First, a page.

Novak Djokovic wants to return to Melbourne to win 10th Australian Open despite three-year ban

Despite his deportation ordeal — and the fact he faces a three-year ban — Novak Djokovic has revealed he wants to return to Melbourne.

Novak Djokovic has revealed plans to return to Australia to win a 10th Australian Open despite facing a three-year ban following his deportation last month.

In an interview with Serbian TV, Djokovic said he still wants to come back to Melbourne despite his visa and deportation ordeal and play on Rod Laver Arena again.

“I want to come back to Australia in the future and to play on Rod Laver Arena again,” Djokovic told Serbian national TV (RTS).

“ A lot of professional and personal beautiful things happened to me there. Despite all this, I have a great connection with Australia.”

Whether Djokovic can come back to Australia any time soon remains the big question. He has publicly stated he won’t get vaccinated against Covid and is willing to miss grand slam titles to stand up for his “pro choice” belief.

There is also the small matter of his ban from the Australian government after his deportation, although he can apply for special dispensation from the Immigration Minister to enter the country.

Novak Djokovic wants to return to Melbourne for the Australian Open. Picture: AFP
Novak Djokovic wants to return to Melbourne for the Australian Open. Picture: AFP

Whether Australia’s stance softens in the next few months remains to be seen, but Djokovic’s latest interview is perhaps a sign of his desperation to claw back some public support.

For the first time Djokovic showed genuine remorse for some of his behaviour in recent months — including attending an interview with L’Equipe newspaper the day after being advised he has tested positive to Covid last December.

This act was seen by many as his greatest and most divisive selfish play, even for those who could forgive him attending a children’s presentation the day before when he claimed not to be aware of his positive result despite taking a PCR test the day before.

“I admit that it was selfish what I’ve done by attending the interview with L’Equipe. My mistake which I own. I understand that not all people will forgive me and I understand the critics,” he said.

Novak Djokovic is pictured during a visit to the Serbian pavilion at the Expo 2020 in Dubai. Picture: AFP
Novak Djokovic is pictured during a visit to the Serbian pavilion at the Expo 2020 in Dubai. Picture: AFP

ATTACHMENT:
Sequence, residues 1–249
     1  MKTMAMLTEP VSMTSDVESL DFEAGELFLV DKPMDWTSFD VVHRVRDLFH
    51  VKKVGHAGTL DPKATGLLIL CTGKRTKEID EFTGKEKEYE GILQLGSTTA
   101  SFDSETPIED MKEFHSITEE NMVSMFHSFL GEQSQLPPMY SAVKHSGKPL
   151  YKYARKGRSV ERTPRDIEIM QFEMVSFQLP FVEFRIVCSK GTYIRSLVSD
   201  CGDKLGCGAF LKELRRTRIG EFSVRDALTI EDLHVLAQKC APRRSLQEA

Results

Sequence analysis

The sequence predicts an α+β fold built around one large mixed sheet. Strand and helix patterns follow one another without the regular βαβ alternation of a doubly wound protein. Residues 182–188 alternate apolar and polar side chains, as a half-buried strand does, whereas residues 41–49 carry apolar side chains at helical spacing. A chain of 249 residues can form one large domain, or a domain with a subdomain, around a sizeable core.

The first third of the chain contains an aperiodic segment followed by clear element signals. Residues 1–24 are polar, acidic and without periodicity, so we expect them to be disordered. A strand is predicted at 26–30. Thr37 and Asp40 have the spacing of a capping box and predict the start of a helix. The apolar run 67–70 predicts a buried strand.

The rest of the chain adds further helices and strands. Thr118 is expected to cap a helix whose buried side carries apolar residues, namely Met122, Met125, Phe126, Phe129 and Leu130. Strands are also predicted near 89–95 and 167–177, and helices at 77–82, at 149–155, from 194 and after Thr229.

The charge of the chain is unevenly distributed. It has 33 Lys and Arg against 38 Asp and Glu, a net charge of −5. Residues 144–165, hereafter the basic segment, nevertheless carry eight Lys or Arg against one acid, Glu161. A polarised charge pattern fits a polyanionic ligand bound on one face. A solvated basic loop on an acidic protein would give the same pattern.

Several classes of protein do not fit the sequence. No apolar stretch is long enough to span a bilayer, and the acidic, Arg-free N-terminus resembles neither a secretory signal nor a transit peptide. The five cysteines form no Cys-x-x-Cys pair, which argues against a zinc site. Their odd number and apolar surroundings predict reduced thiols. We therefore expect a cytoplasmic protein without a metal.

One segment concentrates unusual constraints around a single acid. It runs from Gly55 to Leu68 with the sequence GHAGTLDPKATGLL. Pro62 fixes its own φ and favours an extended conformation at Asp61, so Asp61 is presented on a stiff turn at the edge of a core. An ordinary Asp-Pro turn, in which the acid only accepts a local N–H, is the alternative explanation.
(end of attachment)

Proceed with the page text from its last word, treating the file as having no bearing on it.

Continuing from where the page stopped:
Djokovic said he was surprised but thankful when Australian Nick Kyrgios - one of his biggest critics for his superspreader tennis tournament at the start of the pandemic - became his first public supporter when locked up in the detention hotel in Melbourne.

“Kyrgios surprised me pleasantly, I thanked him and all the others who stood up for me, Alize Cornet for instance,” he said.

“I received a lot of messages privately from some of the players, but they didn’t want to speak publicly. I understand it, the situation was complicated.”

Djokovic knows he will have to live with the “Novax” nickname for the rest of his career, but remains steadfast he doesn’t want to have an injection because he wants to know with absolute certainty it is what his body needs.

“I’ve been called various different names throughout my career. There are always those who support you and others who don’t. That’s all I can say,” he said.

“As an elite athlete, I want to triple check everything that enters my body. If something changes for 0,5% in my body, I feel it. I am just cautious before making any decisions. I will live with the consequences (of the decision not to take the vaccine).”

Djokovic’s stance may prove costly in his quest for greatness. While it has been reported Wimbledon will allow him to play this year, there remains serious question marks over his ability to attend the two other grand slams in Paris and New York.

“I choose to focus on things I’ve already achieved and to be grateful for it,” he said.

“ I don’t know what the future brings, I hope for the best and I feel that I still have time.”

The news comes as Australian tennis star Alex de Minaur denies he has fraudulently obtained his own vaccination passport from a Spanish hospital that is under investigation for handing out fake certificates.

The ATP has strict rules around vaccination certificates and anyone found to have illegally obtained false papers can face a three year ban from tennis.

Originally published as Novak Djokovic wants to return to Melbourne to win 10th Australian Open despite three-year ban

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